Whipped cream chargers, aka "whip-its," are cartridges filled with N2O or nitrous oxide.
On Thursday, March 8, Michigan's house of representatives passed a package of bills limiting the sale and distribution of nitrous oxide containers. The legislation would make it more difficult for minors to purchase the substance, also known as "laughing gas," an inhalant that induces a mild, temporary euphoria.
How does it work? You put the cartridge of N2O, a "whipped cream charger" or "whip-it," into a "cracker"
which then fills a balloon with the gas. Then, once the nitrous has warmed to a safe temperature, you inhale the balloon's contents. What follows is a goofy sensation, similar to the high you might get from sniffing glue.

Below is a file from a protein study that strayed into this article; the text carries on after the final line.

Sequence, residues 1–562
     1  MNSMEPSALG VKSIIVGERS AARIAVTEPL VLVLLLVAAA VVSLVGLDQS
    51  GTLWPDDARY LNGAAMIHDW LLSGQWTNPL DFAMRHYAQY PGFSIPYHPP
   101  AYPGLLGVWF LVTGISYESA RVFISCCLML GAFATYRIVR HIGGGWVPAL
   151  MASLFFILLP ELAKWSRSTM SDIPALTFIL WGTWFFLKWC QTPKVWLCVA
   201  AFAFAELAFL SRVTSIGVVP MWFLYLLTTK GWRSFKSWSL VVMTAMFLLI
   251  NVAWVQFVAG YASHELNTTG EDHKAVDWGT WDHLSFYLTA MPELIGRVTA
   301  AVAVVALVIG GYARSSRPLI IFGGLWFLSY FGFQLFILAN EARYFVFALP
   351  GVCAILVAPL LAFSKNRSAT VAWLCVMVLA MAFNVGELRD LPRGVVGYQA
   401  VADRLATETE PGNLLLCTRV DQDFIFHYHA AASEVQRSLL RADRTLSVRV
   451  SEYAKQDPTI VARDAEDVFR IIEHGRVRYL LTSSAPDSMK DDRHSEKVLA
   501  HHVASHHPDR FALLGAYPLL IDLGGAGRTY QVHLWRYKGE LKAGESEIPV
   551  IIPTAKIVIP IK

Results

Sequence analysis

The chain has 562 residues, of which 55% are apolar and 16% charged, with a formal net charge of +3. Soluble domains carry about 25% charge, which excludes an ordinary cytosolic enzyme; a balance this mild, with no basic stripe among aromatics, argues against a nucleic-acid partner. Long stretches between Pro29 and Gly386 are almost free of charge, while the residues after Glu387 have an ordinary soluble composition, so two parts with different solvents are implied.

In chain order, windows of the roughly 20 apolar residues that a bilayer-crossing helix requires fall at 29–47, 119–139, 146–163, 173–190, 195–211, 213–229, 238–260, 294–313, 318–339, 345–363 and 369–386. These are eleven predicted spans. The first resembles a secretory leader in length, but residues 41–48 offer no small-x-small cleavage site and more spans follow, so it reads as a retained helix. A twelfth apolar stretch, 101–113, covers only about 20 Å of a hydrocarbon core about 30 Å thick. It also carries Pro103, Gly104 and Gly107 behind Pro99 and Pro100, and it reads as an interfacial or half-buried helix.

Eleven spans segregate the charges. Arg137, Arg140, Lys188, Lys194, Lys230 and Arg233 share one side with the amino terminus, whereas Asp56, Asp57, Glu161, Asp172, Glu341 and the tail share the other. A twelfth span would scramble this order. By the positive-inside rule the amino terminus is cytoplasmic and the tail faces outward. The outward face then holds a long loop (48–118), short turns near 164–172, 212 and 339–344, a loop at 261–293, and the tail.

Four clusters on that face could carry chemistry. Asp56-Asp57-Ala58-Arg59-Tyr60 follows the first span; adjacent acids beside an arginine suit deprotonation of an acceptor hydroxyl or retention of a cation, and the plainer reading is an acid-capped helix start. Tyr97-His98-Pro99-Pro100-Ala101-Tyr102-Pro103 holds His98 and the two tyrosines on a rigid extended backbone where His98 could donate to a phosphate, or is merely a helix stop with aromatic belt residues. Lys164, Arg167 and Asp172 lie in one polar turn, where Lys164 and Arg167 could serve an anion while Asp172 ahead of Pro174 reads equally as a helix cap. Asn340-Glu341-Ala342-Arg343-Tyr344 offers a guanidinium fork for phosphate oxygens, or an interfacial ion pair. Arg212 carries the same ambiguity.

According to the office of Rep. Stephanie Chang (D-Detroit), sponsor of HB 5463, the Substance Abuse and Mental Health Services Administration reports that it is used as an inhalant of choice among more than 12 million users in the United States.
Chang said, “After many conversations with Detroit residents and law enforcement officials and seeing ‘whip-its’ all over parts of Southwest Detroit, it became clear that the misuse of this substance by young people was a pervasive issue in our community, and legislation was necessary. My bill includes measures to protect our young people from falling victim to this addictive substance and hopefully preventing this from becoming a wider health and addiction problem across the state."